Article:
Militants of the outlawed Kurdistan Workers’ Party (PKK) will start the second phase of their withdrawal from Turkey after the legal amendments from the Kurdish peace process package are enforced.
The PKK is expected to restart its withdrawal, which has been at a standstill since late 2013, this fall as soon as the government-led package is legally enforced.
Both sides are reportedly aiming to complete the process within 18 months.
The process has appeared to go into another phase since Interior Minister Efkan Ala’s recent suggestion that the PKK “is also willing to find a democratic solution, instead of weapons, when solutions are brought to table.”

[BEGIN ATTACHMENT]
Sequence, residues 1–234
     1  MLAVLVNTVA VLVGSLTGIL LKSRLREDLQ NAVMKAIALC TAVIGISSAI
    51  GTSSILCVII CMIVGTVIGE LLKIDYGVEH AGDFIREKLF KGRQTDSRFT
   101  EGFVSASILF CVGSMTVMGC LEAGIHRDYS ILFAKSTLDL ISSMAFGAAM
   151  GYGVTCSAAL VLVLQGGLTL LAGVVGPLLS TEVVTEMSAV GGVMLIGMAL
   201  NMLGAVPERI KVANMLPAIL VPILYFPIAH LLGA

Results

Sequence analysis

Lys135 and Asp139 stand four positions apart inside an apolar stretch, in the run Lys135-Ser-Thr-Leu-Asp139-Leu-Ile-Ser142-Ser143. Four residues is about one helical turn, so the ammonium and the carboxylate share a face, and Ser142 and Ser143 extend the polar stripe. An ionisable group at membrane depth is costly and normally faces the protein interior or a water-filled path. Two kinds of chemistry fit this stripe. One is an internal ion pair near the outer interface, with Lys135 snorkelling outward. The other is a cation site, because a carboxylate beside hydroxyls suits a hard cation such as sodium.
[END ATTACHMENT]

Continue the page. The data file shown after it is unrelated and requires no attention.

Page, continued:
A monitoring board is expected to be put into place with the enforcement of the new package, and the board will share its findings with the public via Parliament and the Undersecretariat of Public Order and Security.
The second withdrawal of the PKK will be open to legal supervision, unlike the first one that started on May 8, 2013.
It is not yet clear whether the PKK militants will leave their weapons on Turkish soil or will take it with them while they are withdrawing. The alternatives of leaving the arms in Turkey partially or completely are also said to still be on the agenda. If the arms are left in Turkey, the monitoring board will be responsible for whether they are stockpiled or destroyed.